Eshevskii, Stepan Vasilevich

The following article is from The Great Soviet Encyclopedia (1979). It might be outdated or ideologically biased.

Eshevskii, Stepan Vasil’evich


Born Feb. 2 (14), 1829, in Kologriv, in present-day Kostroma Oblast; died May 27 (June 8), 1865, in Moscow. Russian historian; a specialist on the history of the late Roman Empire and the early Middle Ages.

Eshevskii was a pupil of T. N. Granovskii and P. N. Kudriavtsev. He was a professor at the Universities of Kazan (1855–57) and Moscow (1858–65). In his principal work C. S. Apollinaris Sidonius: Episodes from the Literary and Political History of Fifth Century Gaul (1855), Eshevskii illuminated, profoundly for his time, the social prerequisites for the fall of the Roman Empire. This work was the beginning of his research into the history of the Roman provinces, which he continued in The Center of the Roman World and Its Provinces (1866) and Essays on Paganism and Christianity (1867). Eshevskii also occupied himself with Russian history (his work Essay on the Reign of Elizaveta Petrovna, 1857), as well as archaeology and ethnology. In his article “On the Significance of Races in History” (written in 1864), Eshevskii, influenced by the Civil War of 1861–65 in the United States, came out against reactionary theories of higher and lower races and racial discrimination. Museums of ethnology were created in Kazan (1856) and Moscow (1865) on his initiative.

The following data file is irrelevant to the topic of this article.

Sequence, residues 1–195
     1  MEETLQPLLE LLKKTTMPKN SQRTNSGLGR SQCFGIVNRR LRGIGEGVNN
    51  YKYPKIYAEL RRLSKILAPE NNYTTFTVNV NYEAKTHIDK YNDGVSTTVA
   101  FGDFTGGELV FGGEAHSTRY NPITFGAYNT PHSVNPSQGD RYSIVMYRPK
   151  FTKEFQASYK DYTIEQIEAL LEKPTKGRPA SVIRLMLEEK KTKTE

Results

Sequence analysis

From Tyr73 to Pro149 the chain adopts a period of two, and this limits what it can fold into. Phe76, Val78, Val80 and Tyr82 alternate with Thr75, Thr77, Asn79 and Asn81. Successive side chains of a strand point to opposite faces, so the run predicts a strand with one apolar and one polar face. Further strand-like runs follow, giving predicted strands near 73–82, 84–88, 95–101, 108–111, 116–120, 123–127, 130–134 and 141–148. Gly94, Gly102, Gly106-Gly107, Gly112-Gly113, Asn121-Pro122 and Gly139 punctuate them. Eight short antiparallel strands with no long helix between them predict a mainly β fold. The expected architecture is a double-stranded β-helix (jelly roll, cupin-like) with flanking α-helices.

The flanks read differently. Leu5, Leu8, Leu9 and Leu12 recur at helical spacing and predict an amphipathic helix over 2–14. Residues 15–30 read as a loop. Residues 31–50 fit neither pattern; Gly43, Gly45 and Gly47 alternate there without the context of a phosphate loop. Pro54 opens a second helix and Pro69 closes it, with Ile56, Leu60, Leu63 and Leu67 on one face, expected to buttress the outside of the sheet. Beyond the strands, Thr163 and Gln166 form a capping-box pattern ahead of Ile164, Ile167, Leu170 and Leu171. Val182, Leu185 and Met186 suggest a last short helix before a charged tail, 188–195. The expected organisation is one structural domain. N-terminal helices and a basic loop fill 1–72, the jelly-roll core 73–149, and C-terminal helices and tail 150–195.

Sochineniia, parts 1–3. Moscow, 1870.
Sochineniia po russkoi istorii. Moscow, 1900.


Bestuzhev-Riumin, K. N. “S. V. Eshevskii.” In his book Biografii i kharakteristiki. St. Petersburg, 1882.
Arkhangel’skii, S. I. “Istoricheskie vzgliady S. V. Eshevskogo.” In Srednie veka, issue 6. Moscow, 1955.


The Great Soviet Encyclopedia, 3rd Edition (1970-1979). © 2010 The Gale Group, Inc. All rights reserved.